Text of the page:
|USFDC Home||| RSS|
This item is only available as the following downloads:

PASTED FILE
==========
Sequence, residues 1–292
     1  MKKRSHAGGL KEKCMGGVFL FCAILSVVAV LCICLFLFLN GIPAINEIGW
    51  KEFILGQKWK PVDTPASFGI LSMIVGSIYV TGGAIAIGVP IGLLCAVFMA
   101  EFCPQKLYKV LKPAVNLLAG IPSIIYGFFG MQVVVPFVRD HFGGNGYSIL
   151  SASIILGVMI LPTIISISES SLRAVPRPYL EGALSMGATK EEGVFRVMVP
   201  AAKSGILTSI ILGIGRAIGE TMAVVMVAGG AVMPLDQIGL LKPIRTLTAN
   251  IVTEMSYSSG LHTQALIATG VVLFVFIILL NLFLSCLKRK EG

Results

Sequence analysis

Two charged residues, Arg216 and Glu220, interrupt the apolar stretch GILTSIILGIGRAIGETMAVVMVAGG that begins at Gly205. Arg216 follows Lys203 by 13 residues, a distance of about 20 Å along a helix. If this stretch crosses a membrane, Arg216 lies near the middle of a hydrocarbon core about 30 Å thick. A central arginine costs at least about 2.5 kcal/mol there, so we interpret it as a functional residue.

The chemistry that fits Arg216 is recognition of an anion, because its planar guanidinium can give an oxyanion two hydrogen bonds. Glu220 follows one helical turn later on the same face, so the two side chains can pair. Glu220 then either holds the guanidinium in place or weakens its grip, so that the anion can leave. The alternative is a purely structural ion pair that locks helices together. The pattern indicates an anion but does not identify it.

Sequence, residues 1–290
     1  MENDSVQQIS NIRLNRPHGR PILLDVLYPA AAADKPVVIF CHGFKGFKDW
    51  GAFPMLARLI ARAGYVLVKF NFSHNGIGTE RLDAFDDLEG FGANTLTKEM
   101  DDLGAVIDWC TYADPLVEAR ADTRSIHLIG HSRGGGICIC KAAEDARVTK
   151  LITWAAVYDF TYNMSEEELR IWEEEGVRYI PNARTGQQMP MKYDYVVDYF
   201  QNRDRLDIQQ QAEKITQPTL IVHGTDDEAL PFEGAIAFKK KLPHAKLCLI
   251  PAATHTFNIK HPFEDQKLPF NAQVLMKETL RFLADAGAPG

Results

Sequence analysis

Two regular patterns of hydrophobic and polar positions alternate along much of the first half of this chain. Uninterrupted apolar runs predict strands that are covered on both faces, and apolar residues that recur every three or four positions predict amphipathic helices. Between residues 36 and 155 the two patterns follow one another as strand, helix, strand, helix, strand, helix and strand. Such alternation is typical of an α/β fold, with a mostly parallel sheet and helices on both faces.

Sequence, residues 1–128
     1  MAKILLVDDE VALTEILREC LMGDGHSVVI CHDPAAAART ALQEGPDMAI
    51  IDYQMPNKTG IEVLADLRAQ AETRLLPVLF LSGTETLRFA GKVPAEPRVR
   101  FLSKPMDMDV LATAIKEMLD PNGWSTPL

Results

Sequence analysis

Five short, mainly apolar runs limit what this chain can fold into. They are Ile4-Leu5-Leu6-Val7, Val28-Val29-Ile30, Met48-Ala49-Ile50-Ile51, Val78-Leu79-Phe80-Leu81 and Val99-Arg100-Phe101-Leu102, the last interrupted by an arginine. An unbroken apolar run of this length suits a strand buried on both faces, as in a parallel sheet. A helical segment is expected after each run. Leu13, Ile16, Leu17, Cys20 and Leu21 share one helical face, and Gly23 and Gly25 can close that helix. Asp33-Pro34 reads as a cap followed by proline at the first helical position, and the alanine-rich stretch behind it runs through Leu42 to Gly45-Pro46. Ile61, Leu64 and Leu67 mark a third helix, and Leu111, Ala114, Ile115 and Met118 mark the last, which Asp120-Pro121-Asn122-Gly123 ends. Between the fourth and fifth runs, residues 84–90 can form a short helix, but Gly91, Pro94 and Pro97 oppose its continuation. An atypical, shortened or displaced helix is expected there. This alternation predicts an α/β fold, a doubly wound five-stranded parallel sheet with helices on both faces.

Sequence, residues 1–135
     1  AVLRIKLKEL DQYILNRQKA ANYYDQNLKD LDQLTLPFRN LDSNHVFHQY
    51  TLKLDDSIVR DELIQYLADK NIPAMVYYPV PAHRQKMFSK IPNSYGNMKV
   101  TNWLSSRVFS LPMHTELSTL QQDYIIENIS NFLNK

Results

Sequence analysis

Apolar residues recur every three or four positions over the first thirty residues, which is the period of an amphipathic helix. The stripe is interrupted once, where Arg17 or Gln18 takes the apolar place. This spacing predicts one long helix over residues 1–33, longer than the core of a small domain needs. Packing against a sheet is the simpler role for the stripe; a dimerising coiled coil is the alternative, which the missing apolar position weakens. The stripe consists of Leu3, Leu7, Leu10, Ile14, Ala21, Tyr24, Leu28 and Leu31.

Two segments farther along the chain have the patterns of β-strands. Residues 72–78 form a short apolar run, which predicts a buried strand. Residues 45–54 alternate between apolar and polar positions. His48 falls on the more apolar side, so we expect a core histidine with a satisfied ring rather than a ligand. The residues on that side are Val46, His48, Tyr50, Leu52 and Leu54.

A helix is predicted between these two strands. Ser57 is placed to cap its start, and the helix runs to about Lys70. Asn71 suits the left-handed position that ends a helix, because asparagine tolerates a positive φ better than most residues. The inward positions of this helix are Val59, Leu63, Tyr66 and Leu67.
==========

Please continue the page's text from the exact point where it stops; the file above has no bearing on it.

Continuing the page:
COPYRIGHT NOTICE This Oral History is copyrighted by the University of South Florida Libraries Oral History Program on behalf of the Board of Trustees of the University of South Florida. Copyright, 2008, University of South Florida. All rights, reserved This oral history may be used for research, instruction, and private study under the provisions of the Fair Use. Fair Use is a provision of the United States Copyright Law (United States Code, Title 17, section 107), which allows limited use of copyrig hted materials under certain conditions. Fair Use limits the amount of material that may be used. For all other permissions and requests, contact the UNIVERSITY OF SOUTH FLORIDA LIBRARIES ORAL HISTORY PROGRAM at the University of South Florida, 4202 E. Fo wler Avenue, LIB 122, Tampa, FL 33620.